How to Use Training Load
A case study in running progression using SportTracks analysis tools
We athletes live in great times where there are abundant devices available with which to measure and collect data about our exercise workouts. Just spend some time on the SportTracks blog and you will see how much technology has become integrated into exercise. When I started doing triathlons in 1988 the only way to know how far I ran in training was to go back and drive the route to measure it. I was always an early adopter of technology and keen to learn from the data and spent many hours transcribing information into spreadsheets.
Fortunately, I discovered SportTracks eight years ago and have been using it in that time to monitor my own training loads while completing in triathlon and running events. I personally have invaluable data to draw on as I seek new goals as a veteran athlete. I have also been using SportTracks as a coach for five years and the ability to analyse my athlete’s data helps me to be a better coach. In this article I would like to share the progression of a runner who I have coached for five years using the SportTracks platform as a method to prescribe and monitor workouts. His name is Corey, and he is based in Brisbane, Australia. He has diligently recorded every workout and synchronized them with SportTracks where the workouts have seamlessly been assigned an effort score. His “Performance report” below shows a total of 1679 runs totaling over 17,000km in five years.
I believe the progression of increasing mileage year on year has contributed most to many personal bests (PB’s), rather than any special type of workout. Of course his training plan incorporates interval workouts and long runs, but a lot of zone two running as well. In the five years we have worked together I have seen Corey reduce his 5k best from 19:41 to 15:55, 10k from 39:35 to 33:55 and marathon from 2:59 to 2:46. The SportTracks “Records” chart was a very useful tool for me as a coach to look back and visually see his progression. What makes his current Pb’s even more remarkable is that they were done as solo efforts due to the lack of races in 2020.
I think I could count on my hand the number of runners who genuinely would not want to improve their PB’s as Corey has done. Unfortunately, I see the biggest barrier to achieving such progression is a lack of long-term thinking. Running is a hard sport and it can take many years to find your potential. For Corey we are still trying to find his potential and I am hopeful further improvements are possible. I believe he has the potential to lower his marathon below 2hrs40min. For someone who only took up running in his mid-twenties, with a single goal to break 20min at the local 5k race, this would be an outstanding achievement.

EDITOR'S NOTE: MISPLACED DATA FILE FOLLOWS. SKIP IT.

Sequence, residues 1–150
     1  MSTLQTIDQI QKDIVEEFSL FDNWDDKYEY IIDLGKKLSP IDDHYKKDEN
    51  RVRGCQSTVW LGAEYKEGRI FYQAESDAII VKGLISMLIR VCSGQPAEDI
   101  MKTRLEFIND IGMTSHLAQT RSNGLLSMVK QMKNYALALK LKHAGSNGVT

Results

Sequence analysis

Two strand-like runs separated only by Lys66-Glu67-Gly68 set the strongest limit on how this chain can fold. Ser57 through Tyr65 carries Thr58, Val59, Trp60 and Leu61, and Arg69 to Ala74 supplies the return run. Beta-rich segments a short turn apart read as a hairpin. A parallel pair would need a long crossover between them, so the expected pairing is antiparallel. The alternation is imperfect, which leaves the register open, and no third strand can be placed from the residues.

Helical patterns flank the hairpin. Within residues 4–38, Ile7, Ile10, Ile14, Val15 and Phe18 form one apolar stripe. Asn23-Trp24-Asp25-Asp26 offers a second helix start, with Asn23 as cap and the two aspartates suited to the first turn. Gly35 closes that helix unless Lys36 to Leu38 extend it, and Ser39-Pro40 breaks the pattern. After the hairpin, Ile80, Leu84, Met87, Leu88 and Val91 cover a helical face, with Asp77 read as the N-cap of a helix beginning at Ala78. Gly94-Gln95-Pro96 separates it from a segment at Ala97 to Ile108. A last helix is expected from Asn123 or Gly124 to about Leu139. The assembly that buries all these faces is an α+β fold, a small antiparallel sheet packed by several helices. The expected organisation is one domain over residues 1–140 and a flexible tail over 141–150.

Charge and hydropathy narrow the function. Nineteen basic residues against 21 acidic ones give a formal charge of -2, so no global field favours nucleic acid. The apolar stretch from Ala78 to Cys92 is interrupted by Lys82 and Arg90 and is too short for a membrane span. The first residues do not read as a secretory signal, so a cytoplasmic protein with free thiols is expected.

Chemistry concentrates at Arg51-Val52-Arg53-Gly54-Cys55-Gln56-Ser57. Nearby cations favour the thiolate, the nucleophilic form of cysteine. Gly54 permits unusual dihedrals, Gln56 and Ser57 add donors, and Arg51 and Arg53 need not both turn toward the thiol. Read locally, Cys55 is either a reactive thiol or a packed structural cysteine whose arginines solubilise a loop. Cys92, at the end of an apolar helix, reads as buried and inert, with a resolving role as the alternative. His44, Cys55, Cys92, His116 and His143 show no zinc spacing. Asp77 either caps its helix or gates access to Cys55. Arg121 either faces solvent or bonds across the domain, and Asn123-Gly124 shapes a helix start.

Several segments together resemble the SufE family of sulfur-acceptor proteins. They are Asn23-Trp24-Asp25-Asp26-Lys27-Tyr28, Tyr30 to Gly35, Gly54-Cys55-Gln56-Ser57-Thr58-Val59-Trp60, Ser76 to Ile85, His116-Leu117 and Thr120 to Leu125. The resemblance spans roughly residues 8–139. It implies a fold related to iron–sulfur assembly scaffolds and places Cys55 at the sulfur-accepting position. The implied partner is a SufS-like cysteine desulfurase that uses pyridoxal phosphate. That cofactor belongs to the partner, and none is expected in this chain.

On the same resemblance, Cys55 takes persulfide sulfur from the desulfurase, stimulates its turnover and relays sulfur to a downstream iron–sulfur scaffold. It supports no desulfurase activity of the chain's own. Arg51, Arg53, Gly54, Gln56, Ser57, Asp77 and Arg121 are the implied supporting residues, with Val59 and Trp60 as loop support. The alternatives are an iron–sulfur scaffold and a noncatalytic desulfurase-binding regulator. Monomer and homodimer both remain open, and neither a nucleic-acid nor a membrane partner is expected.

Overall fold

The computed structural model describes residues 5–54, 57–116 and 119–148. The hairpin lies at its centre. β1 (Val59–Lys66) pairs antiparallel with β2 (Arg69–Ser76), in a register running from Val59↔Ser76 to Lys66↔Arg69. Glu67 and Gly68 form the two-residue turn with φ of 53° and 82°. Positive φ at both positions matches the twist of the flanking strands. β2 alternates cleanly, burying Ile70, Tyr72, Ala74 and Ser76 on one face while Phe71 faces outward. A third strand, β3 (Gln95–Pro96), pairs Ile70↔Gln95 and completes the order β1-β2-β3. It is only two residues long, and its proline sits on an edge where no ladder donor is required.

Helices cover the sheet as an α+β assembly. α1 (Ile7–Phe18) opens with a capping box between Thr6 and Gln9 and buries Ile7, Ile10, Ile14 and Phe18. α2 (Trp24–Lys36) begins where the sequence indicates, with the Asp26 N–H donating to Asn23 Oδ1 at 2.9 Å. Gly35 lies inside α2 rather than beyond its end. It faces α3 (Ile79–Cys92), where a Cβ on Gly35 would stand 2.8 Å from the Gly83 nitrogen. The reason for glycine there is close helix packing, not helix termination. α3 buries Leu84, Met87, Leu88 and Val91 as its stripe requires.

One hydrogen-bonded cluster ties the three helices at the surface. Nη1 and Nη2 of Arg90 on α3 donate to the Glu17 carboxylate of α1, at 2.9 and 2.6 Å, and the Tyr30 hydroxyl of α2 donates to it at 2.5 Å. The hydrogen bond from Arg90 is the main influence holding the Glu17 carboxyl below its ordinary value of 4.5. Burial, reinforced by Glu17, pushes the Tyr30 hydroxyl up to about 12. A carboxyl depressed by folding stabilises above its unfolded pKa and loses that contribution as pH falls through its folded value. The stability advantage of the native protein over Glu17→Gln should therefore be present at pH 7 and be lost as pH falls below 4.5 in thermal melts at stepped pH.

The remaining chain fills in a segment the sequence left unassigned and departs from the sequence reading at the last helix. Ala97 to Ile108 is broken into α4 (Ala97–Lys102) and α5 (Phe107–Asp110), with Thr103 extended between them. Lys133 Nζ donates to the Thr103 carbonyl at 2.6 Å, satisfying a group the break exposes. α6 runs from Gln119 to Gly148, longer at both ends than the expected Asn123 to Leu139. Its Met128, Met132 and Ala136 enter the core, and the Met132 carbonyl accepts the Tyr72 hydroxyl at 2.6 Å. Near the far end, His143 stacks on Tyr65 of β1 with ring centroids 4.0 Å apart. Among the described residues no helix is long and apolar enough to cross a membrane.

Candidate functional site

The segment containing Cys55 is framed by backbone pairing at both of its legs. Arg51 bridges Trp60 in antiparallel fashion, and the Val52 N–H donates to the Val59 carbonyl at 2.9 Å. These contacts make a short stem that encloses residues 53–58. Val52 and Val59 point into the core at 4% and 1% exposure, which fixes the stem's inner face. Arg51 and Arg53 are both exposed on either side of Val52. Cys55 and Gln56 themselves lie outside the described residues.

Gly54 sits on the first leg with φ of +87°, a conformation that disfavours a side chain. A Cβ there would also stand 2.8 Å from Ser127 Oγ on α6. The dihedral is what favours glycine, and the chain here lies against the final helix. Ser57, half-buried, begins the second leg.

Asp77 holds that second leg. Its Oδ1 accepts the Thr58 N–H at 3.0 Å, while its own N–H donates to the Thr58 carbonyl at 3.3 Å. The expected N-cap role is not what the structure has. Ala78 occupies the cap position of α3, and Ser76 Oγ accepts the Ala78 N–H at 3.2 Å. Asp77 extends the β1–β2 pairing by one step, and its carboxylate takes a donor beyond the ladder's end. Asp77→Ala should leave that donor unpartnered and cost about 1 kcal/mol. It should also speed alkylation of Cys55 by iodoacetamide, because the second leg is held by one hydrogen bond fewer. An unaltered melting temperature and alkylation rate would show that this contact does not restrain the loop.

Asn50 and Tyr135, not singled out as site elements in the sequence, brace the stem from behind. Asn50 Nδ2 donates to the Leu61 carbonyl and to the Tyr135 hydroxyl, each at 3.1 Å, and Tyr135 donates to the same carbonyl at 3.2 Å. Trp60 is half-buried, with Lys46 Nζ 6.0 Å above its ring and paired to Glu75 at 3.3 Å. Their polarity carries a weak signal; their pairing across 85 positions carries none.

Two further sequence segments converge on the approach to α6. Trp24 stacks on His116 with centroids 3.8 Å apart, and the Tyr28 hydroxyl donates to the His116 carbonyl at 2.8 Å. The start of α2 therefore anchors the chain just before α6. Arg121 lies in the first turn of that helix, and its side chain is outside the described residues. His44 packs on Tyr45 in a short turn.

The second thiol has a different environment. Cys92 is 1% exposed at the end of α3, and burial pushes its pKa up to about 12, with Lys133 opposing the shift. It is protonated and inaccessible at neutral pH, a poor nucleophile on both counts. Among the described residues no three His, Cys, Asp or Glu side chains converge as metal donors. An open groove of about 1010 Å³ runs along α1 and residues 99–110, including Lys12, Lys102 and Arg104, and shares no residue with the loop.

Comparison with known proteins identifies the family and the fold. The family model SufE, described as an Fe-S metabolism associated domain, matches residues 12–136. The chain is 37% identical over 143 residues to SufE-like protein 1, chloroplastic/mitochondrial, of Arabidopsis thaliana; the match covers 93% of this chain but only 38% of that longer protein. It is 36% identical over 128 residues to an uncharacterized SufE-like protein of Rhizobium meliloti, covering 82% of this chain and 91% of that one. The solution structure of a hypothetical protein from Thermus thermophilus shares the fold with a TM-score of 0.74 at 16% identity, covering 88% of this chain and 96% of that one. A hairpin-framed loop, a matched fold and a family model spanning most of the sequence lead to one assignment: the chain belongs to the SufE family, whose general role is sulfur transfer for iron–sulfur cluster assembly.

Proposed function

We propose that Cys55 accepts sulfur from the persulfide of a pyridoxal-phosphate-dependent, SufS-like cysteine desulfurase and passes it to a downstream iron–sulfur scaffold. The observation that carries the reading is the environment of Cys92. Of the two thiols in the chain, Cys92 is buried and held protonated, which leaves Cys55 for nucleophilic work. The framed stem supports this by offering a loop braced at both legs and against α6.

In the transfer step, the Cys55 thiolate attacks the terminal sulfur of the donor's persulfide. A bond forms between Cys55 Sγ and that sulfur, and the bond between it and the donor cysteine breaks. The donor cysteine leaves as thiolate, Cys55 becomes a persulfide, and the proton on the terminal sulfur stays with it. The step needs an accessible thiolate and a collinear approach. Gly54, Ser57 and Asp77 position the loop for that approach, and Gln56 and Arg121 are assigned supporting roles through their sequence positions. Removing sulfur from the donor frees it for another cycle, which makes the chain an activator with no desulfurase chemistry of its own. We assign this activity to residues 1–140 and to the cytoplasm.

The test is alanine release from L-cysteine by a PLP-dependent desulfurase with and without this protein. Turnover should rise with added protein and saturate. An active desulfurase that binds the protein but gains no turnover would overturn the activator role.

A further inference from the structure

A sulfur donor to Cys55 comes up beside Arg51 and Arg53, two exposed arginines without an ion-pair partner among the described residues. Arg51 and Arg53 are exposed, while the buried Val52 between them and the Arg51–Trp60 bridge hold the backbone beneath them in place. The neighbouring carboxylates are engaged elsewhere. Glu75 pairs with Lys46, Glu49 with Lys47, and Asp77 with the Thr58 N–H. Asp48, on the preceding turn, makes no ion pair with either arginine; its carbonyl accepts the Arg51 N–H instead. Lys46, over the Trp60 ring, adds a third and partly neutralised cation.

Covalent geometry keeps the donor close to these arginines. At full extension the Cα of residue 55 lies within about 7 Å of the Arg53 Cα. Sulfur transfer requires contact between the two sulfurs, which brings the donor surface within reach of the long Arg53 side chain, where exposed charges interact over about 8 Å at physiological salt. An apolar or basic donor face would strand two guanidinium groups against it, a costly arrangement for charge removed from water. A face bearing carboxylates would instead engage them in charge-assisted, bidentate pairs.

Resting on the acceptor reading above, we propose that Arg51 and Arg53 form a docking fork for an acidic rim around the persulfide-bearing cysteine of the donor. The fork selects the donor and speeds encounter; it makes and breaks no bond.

While I previously referred to Corey’s training in terms of number of runs and distance, what I am more interested in is an interpretation of these workouts in terms of total training load. There is a lot of scientific research around quantifying training load and one of the best models is TRIMP theory on which SportTracks health monitoring is based. I mentioned earlier that every one of Corey’s workouts has had an effort score calculated for it. By plugging those scores into a beautiful algorithm, SportTracks will calculate both your fitness and fatigue. I won’t go into that here, but I recommend reading an article titled Using Training Load from back in 2014 that explains it well.
...the biggest barrier to achieving such progression is a lack of long-term thinking.
If you are after the short explanation, the effort score of every workout you do will reflect intensity and duration. A higher effort score will reflect a workout that has stressed your physiology more than a lower effort score. In the context of running, this can be achieved by either running longer, or running faster, or a combination of both. There are many excellent articles on how to achieve that. But for the purposes of this case study, consider that if all the effort scores for all of the workouts are added up then we have an additional metric called training load to analyse.
While gains can be made by repeating the same training load every year, I am skeptical that will lead to your best possible performance. While the internet is loaded with many claims of “secret” workouts that lead to spectacular results, in reality they rarely do. There is nothing wrong with trying different workouts, it makes training more fun, but however you train there is a fundamental principal in exercise prescription called overloading in order to achieve physiological adaptations that lead to better performances. SportTracks provides an excellent visual method to see if you are doing this. As a coach my primary focus is to review an athlete’s long term training load and ensure that it is increasing. This doesn’t always mean that training has to be harder or more painful, the beauty of adaptation is that you adjust to the new normal. In simple terms, you become fitter.